Shawn MacGregor, “The Cat’s Meow” for ParlorGamez, found that sometimes the very “design of the game itself” can lead to museum placement. “Kit Dombrowski of the San Francisco Museum of Modern Art, saw Pounce! at a gift show, liked the contemporary design and packaging, and now it’s one of their top sellers.”
Barbara Goldman, President of Newsline Publications (ToyDirectory), found happy homes for her It’s News To Me game in various newspaper museums around the country.
Donna Sucilsky, Co-Owner of Tucker-Jones House, Inc., which makes Tavern Puzzles, said that the head of the company, Dennis Sucilsky, is a museum-trained blacksmith, who now makes historically accurate Tavern Puzzles as a true expert.
Once in the museum circuit, the benefits are formidable: Matt Brown, co-CEO of Big Boing (Right Brain) (ToyShow), said, “Museums are a great channel. The buyers really understand their customers. When they select a product, it has a very high success rate because they know who is buying. Much better per foot of shelf space than the toy stores.”
Matt Mariani, director of marketing for Out of the Box Publishing (ToyShow) (which has a wide line of museum-placed games from Tutankhamen to 10 Days In Africa), recommends looking to the Museum Store Association. Taking a booth out at their expo or getting into their trade publication are both good ideas, he said.
The one across-the-board tip from the manufacturers TDmonthly talked to: no hard sell. As Forsman made clear: “They all know each other, they want to do good, so it’s about taking the time and building your rep.”
The following products crafted by the manufacturers mentioned above sell well at museum stores.
Conversation piece jewelry that spins, sparkles, flips, flashes, glows & winks, snaps & slinks. Upbeat, upscale and affordable. These amazing designs enrapture kids and adults alike. Hip and sophisticated at the same time.
This FamilyFun Magazine Toy of the Year Award Winner is now available with your favorite Major League Baseball team logos. Exquisitely detailed and crafted of high-quality wood, this retro pinball-style game allows you to bring America’s favorite pastime into your family room or den. Truly an authentic tribute to the grand ol’ ballparks of yesteryear and a “must have” for any baseball fan.
The "newest" portable fabric game from Macgregor Historic Games is a recreation of Fidchell, a legendary Irish game. The artwork is a re-creation based on the Ballinderry artifact. Macgregor Historic Games has made the game more portable by transforming the oridingla wooden board and printing it in a machine-washable fabric format. FIDCHELL belongs to a family of games that were the primary strategy games in Northern Europe prior to Chess. The game´s rules have 4 different variations, to keep players engaged every time they set up the board.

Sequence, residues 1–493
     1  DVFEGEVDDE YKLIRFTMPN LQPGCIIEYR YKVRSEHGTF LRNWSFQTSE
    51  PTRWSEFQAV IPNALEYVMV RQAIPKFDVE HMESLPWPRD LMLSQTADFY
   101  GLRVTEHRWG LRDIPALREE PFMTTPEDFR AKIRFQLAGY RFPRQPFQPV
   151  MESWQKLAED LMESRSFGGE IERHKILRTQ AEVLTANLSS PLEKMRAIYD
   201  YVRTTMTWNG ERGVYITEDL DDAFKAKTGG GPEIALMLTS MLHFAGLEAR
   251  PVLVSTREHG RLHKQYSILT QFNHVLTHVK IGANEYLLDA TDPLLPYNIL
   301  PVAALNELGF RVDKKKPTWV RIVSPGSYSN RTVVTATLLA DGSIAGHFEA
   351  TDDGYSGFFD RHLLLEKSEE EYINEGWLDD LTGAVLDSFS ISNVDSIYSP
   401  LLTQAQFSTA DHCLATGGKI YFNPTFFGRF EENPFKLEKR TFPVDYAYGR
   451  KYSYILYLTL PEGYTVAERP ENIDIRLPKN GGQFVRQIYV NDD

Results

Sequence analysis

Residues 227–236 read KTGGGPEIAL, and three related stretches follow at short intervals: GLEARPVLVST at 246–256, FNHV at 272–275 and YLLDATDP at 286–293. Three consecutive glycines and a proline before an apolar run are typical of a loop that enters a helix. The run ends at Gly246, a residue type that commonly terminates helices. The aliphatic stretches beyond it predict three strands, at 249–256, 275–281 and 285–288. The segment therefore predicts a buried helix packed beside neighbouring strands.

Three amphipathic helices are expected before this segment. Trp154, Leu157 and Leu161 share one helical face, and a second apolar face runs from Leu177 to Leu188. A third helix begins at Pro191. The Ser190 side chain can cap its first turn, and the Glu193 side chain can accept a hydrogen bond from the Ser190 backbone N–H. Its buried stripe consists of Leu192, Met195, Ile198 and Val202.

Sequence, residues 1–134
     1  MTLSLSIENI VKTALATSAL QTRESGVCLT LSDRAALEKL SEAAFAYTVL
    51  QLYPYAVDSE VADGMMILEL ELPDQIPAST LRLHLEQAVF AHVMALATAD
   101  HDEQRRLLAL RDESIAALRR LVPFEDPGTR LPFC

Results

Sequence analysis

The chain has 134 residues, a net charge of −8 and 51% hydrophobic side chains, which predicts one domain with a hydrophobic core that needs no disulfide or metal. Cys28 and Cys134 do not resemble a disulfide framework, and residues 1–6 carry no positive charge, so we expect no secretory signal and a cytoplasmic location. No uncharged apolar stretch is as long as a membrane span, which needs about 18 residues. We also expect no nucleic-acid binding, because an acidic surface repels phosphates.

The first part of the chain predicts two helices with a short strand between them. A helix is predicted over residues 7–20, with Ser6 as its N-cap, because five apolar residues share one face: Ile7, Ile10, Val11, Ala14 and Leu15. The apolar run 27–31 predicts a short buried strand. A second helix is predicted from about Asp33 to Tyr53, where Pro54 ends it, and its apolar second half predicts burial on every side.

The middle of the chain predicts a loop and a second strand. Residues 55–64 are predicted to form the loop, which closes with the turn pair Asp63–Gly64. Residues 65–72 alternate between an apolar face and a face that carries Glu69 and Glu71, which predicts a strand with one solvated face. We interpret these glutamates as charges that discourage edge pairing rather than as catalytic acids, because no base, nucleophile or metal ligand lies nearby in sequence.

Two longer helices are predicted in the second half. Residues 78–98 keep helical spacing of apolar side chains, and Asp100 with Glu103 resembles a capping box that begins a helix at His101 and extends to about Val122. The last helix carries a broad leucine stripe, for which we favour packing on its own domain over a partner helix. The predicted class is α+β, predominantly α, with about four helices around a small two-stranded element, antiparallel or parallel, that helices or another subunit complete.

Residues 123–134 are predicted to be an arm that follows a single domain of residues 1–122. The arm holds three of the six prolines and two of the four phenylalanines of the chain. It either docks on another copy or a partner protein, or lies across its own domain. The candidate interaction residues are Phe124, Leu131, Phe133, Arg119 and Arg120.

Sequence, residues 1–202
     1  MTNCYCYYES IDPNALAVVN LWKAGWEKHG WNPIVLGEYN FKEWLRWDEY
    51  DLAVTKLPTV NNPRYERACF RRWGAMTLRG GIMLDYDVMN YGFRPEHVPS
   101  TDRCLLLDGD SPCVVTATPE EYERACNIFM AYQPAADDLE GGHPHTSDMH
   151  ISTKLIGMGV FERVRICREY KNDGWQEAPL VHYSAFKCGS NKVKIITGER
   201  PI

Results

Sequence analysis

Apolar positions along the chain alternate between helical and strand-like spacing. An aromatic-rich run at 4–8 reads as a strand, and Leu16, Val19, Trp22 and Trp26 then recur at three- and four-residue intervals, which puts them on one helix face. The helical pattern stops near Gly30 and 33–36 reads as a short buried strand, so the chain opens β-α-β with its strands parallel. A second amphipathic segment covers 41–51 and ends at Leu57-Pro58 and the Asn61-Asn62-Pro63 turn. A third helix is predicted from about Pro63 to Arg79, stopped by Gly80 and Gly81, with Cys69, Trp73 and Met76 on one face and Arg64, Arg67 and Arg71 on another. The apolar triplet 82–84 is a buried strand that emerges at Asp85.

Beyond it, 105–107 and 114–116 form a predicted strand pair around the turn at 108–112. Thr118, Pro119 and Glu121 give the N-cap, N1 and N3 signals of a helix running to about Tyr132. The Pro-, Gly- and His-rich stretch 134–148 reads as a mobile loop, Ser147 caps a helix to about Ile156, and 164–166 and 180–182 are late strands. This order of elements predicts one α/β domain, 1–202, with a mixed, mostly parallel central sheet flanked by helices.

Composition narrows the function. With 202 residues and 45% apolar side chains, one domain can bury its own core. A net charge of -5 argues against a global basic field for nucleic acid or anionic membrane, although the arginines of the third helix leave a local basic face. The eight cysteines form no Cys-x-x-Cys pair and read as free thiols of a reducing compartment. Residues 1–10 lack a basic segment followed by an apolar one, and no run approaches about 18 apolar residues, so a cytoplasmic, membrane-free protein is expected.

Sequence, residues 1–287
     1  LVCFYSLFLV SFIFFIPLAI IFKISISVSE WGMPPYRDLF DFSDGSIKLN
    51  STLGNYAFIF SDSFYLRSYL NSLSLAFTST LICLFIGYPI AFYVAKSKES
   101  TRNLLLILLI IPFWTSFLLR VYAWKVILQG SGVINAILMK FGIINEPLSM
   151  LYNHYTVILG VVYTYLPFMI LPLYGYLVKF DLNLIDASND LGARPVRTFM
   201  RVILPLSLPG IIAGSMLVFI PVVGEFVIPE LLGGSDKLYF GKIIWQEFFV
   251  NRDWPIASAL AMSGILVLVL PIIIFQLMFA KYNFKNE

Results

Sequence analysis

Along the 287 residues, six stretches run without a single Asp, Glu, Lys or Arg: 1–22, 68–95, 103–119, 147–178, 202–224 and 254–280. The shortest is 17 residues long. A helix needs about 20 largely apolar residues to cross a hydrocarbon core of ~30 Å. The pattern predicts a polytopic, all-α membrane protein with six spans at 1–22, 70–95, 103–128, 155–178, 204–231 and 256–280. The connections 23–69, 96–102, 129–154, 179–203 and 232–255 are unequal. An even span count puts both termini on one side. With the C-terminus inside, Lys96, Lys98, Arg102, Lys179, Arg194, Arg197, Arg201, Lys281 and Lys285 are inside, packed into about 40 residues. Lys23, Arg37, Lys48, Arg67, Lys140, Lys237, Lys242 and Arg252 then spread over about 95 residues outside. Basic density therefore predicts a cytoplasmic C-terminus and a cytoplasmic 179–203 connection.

Created especially for the Museum of Fine Arts, Boston, these unique playing cards are die-cut in the shape of the ancient Egyptian sarcophagus of Nes-mut-aat-neru (c. 700–675 B.C.). Hieroglyphics and motifs of gods and goddesses and rich gold ink accents adorn each of the cards. Both versions include 2 decks (55 cards per deck). They come packaged in a cardboard box adorned with hieroglyphics.
Keen listening, sharp arithmetic and quick reflexes are all valuable traits in this highly competitive game where one person is a cat and the rest are mice. The cat calls out a number and rolls the dice. If the cat’s number comes up, the mice must move away before the cat can trap them. If the mice move when they’re not supposed to, the cat gets them. It´s easy to learn yet endlessly amusing.
Tavern Puzzles evolved from reproductions of hand-forged artifacts that run from basic all the way to Complex (with intermediate and difficult between). Basic designs are often traditional and familiar and have fewer steps. They can look easy, but looking easy is not the same as being easy. The complex designs are characterized by a large number of moves in the solution. Additionally, these designs can also have many "false" moves that do not have anything to do with the solution. False moves must be undone before the correct solution can be followed. Concepts learned at other levels are combined in the complex level.